Did a tsunami really hit Florida? Yes, but not the kind you think
An unexpected culprit toppled beach chairs along the sand at normally calm Clearwater Beach, Florida, last Wednesday. West Coast surfers might snicker at the cause, but the National Weather Service confirms the rare 4-foot (1.2 meter) wave was caused by a kind of tsunami, just not the kind you usually hear about.
It was a meteotsunami, a type caused by storms with strong gusting winds, rather than the dramatic tsunamis triggered by earthquakes.
WHAT IS A METEOTSUNAMI?
According to Paul Close, senior forecaster at the National Weather Service in the Tampa Bay area, when a line of storms tracks over the ocean, there can be 30- to 50-mph (48- 80-kph) winds near the leading edge. The winds push the water, increasing the wave height near the coast before it eventually crashes onto shore.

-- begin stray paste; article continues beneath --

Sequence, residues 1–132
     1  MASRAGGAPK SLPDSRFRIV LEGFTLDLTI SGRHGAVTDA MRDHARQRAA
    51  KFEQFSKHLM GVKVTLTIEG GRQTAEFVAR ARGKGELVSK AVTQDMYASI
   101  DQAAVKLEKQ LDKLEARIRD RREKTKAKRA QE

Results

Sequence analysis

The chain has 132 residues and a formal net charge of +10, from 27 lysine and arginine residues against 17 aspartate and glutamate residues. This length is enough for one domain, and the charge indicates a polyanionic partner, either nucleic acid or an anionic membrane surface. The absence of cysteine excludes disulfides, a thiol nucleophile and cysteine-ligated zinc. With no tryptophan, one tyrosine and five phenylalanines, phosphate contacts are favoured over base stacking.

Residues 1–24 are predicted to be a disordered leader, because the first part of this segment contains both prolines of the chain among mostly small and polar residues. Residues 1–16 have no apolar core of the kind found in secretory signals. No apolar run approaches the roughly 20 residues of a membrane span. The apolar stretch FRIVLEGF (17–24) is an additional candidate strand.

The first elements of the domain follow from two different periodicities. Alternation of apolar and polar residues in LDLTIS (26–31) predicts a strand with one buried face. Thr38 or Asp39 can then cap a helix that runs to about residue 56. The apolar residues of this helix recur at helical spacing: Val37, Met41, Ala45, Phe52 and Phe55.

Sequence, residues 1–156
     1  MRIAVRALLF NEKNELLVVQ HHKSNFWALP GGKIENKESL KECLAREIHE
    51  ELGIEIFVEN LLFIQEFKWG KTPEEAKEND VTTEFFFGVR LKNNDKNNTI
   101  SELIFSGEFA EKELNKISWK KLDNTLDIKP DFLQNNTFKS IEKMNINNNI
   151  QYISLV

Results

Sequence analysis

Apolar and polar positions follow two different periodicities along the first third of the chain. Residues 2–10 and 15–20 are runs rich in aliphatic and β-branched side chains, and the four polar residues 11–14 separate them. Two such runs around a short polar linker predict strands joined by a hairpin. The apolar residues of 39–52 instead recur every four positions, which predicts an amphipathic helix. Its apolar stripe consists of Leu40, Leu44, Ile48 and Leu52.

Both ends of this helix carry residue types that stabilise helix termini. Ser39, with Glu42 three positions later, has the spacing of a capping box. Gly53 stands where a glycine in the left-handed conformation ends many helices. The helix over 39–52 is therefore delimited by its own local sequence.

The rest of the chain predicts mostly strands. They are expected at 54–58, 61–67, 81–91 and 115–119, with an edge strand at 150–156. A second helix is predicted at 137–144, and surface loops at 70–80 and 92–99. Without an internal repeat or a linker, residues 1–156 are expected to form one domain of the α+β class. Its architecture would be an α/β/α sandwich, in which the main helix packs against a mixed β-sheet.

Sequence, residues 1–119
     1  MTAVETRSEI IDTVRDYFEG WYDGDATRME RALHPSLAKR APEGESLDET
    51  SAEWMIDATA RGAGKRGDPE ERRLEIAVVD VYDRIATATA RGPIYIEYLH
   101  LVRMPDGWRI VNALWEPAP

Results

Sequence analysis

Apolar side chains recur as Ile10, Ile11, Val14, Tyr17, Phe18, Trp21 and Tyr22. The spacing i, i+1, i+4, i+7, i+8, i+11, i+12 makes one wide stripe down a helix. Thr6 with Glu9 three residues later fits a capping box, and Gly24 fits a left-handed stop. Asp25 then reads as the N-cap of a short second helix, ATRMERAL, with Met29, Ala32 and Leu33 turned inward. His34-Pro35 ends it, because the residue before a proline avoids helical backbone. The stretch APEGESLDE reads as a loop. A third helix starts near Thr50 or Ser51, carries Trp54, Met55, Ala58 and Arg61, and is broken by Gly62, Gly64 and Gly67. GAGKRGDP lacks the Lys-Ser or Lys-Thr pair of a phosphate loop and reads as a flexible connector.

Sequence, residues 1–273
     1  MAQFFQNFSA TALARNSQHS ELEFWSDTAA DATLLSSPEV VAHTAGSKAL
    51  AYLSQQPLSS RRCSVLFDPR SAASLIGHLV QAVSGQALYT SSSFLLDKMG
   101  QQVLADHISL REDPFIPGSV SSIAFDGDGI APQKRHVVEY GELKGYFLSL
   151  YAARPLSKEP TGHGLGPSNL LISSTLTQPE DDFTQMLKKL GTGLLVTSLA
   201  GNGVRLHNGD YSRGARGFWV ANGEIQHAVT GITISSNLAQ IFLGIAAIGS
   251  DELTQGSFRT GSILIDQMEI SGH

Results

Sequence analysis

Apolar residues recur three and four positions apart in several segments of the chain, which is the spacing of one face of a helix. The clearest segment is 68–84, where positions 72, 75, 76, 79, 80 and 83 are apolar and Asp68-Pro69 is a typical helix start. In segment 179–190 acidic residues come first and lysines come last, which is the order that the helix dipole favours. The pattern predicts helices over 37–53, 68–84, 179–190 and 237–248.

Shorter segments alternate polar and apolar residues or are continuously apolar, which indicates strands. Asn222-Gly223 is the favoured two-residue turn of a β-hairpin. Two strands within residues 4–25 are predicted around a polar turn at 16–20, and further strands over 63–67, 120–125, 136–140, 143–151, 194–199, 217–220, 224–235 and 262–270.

Meteotsunamis only last about an hour because once the leading edge of the storm passes onto land, the action subsides.
The meteotsunami was about 2.5 feet (0.8 meters) higher than the forecast wave height and around 4 feet (1.2 meters) higher than average sea level.
Six-foot (1.8 meter) and higher meteotsunamis have been recorded around the world.
The weather service does not issue specific advisories for meteotsunamis. If the agency forecasts that a storm will have substantial impact, it issues a coastal flood watch or warning.
WHEN DO METEOTSUNAMIS FORM?
Close said that stronger storms and squall lines — groups of storms that track in a line with intense winds and heavy rain — are more common during the winter around Florida.
“They don’t happen that often this time of year, but the current atmospheric pattern has been kind of unusual with all the heat out in Texas and the cool and damp weather in the Northeast,” Close said.
This time of year, winds from the east are more common, he said. But the winds have been from the west almost all of June.